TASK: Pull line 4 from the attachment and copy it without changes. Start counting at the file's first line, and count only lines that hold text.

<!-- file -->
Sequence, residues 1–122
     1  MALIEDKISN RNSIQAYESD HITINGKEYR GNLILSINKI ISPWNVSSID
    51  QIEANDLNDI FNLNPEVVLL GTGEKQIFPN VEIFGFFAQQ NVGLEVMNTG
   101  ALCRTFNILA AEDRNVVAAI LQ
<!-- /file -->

   101  ALCRTFNILA AEDRNVVAAI LQ